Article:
The species is named after the American naturalist W.H. Dall. In 1873, this scientist was the first to collect specimen of this animal, today known as Dall's porpoise. Males of this porpoise are larger and more robust than females. As opposed to other porpoise species, Dall's porpoise lacks tubercles or bumps on the front edge of its dorsal fin. The latter is small and triangular, and can angle forward. This agile porpoise is one of the fastest cetaceans: when swimming, the animal leaves behind itself a "rooster tail" of water. The snout of the animal is blunt and the flippers are small. The stocky body is dark gray to black, covered with white spots and exhibiting white markings on the tail and dorsal fin.
Dall's porpoise inhabits offshore, inshore, and nearshore waters of North Pacific Ocean, including the Bering Sea, Sea of Japan as well as Okhotsk Sea. They are distributed across the central North Pacific, the eastern North Pacific (from the Mexico - U.S. border in the south to the Bering Sea in the north) and the western North Pacific (from central Japan to the Okhotsk Sea). The ideal habitat for Dall's porpoise is temperate to "boreal" waters with more than 600 feet (180 m) of depth and with temperatures, varying from 36°F (2°C) to 63°F (17°C).
These animals usually gather in small groups, consisting of 10 - 20 porpoises. However, there have been reported concentrations of more than 200 individuals. Normally, they are not seen in mixed groups with other species, but in the northern part of their range, particularly, in the deep waters off Alaska and in Prince William Sound, Dall's porpoises can occasionally be observed with Harbor porpoises. In addition, they have been seen in a company of Gray whales. Dall's porpoises are known to migrate, travelling north in summer and moving to south by winter. Unlike other porpoise species, Dall's porpoises are not at all shy and secretive: on the contrary, these animals can often be observed bow-riding and charging boats. Being night feeders, they use echolocation to hunt prey, navigate in the ocean and, likely, to communicate with each other. In addition, they use touch as well as a number of sounds, including clicks and whistles, as forms of communication.
Dall’s porpoises are carnivores (piscivores and molluscivores). Their diet consists of lanternfish, Pacific hake, jack mackerel, herring, sardines, crustaceans and cephalopods, including squid.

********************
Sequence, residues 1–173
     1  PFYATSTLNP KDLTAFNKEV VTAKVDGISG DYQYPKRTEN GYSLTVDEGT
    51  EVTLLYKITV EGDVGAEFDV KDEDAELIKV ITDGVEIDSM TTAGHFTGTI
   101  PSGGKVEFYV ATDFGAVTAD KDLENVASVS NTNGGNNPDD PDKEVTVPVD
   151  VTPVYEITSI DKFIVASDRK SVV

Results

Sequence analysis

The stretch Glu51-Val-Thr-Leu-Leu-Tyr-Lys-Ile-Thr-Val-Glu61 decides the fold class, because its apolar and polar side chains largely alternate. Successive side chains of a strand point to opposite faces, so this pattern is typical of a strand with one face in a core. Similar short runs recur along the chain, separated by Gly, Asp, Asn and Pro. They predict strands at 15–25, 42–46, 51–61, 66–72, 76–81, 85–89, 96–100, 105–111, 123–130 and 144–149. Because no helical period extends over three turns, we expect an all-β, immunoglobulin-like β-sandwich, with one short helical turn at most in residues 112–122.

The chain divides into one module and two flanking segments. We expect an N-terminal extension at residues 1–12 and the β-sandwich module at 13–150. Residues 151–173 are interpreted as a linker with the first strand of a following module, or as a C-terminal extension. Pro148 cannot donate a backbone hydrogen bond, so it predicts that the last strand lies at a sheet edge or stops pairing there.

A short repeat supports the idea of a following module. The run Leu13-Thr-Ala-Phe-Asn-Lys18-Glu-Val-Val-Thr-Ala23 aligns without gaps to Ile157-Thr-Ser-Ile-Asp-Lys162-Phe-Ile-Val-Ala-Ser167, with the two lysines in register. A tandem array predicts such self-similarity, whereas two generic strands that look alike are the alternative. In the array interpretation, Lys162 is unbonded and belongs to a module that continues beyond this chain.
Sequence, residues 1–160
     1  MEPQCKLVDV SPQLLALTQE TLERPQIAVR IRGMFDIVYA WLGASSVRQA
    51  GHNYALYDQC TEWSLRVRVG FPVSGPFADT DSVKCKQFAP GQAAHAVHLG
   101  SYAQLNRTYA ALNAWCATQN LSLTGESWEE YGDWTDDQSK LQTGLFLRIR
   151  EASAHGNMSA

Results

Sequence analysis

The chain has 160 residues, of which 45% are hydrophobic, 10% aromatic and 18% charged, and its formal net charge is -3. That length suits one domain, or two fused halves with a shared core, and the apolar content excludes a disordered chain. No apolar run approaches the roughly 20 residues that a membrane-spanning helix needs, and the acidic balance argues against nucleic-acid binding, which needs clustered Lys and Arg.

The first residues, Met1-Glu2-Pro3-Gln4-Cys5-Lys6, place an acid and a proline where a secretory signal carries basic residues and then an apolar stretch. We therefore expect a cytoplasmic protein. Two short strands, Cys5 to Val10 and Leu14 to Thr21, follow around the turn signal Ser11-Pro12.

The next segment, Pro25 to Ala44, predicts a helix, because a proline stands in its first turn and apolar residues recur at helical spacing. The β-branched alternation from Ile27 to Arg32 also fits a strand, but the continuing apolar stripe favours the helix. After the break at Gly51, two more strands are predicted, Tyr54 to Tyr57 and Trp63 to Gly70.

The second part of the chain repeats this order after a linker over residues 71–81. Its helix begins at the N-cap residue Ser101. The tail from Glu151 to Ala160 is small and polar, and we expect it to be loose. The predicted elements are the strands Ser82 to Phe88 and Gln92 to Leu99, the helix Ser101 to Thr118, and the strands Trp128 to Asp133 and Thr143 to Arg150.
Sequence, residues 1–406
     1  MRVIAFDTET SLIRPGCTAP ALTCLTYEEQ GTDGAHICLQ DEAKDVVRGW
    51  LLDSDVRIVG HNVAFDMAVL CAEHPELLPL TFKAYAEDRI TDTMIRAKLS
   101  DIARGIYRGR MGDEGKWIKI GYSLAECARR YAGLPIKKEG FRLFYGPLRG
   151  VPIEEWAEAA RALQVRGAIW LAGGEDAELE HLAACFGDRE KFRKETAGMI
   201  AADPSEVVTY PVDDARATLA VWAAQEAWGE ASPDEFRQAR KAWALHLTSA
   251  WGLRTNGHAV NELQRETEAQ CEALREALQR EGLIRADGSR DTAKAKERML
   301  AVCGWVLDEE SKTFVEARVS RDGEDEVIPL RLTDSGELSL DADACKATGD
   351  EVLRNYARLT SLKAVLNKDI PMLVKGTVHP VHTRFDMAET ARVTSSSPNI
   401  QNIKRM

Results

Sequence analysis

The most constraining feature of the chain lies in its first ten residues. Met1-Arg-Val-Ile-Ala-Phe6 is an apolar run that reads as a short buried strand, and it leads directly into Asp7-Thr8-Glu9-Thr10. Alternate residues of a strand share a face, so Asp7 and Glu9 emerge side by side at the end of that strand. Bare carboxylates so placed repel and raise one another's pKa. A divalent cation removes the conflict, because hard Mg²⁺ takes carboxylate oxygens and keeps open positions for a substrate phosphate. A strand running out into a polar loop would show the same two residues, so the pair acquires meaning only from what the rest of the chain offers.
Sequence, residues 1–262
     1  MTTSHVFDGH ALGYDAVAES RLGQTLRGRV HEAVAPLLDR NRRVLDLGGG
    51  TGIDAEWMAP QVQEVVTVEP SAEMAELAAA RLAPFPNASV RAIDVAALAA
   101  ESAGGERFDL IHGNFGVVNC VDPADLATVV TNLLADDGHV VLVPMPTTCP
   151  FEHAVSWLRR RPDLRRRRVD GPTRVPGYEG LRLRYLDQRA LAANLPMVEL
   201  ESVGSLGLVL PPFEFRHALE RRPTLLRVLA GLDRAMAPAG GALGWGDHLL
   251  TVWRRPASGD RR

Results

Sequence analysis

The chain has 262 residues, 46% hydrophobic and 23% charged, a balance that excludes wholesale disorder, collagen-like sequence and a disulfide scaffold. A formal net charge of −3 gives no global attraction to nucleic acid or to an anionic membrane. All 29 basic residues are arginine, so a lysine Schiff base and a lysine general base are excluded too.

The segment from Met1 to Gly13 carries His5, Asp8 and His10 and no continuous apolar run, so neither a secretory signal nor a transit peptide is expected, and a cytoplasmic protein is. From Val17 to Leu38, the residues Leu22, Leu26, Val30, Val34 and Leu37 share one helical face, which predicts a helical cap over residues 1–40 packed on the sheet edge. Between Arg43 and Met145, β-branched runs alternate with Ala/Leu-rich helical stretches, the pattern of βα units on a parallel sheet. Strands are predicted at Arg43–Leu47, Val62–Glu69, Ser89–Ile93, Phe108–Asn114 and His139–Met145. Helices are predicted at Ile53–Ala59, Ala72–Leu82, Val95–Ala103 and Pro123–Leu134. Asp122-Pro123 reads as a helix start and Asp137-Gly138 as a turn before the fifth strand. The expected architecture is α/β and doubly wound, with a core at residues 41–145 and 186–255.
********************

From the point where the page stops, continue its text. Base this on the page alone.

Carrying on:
Dall’s porpoises are polygynous animals. Males of this species mate with multiple females during their life. However, male Dall’s porpoise always guards its mate during pregnancy, which lasts for 10 - 11 months. Dall’s porpoise are likely to mate by the end of each calving season: the animals have two calving seasons a year: one occurs from February to March, the other one lasts from July to August. Females yield a single calf per year. For the first 2 years of its life, the calf is nursed by its mother, while the father usually shows no parental care. Males of this species are sexually mature at 5 - 8 years old, whereas females - earlier - by the age of 3 - 6 years.
Presently, the animal is threatened by pollutants and different contaminants in its marine habitat, found in the blubber of Dall’s porpoise. Accumulating and passing through the marine food web, these contaminants have negative affect on reproduction, being an important toxicity concern. Furthermore, Dall’s porpoises are often incidentally caught in fishing gears, catching groundfish, salmon, and squid in the waters of Canada, Russia, Japan and U.S. (including Alaska). In Japan, particularly, the animals are caught by whalers for their meat.
According to the IUCN Red List, the total population size of the Dall’s porpoise is over 1.2 million individuals, including: 83,400 individuals in Alaska; 35,000 to 134,000 individuals (averaging 86,000 individuals) along the U.S. west coast; 217,000 individuals in the western North Pacific; 226,000 individuals which migrate between the Sea of Japan and the southern Okhotsk Sea as well as 111,000 individuals in the northern Okhotsk Sea. Currently, Dall’s porpoises are classified as Least Concern (LC) on the IUCN Red List.
Hunting on various fish and cephalopods, Dall's porpoises control numbers of these prey species’ populations, thus serving as an important link in the food chain of their habitat.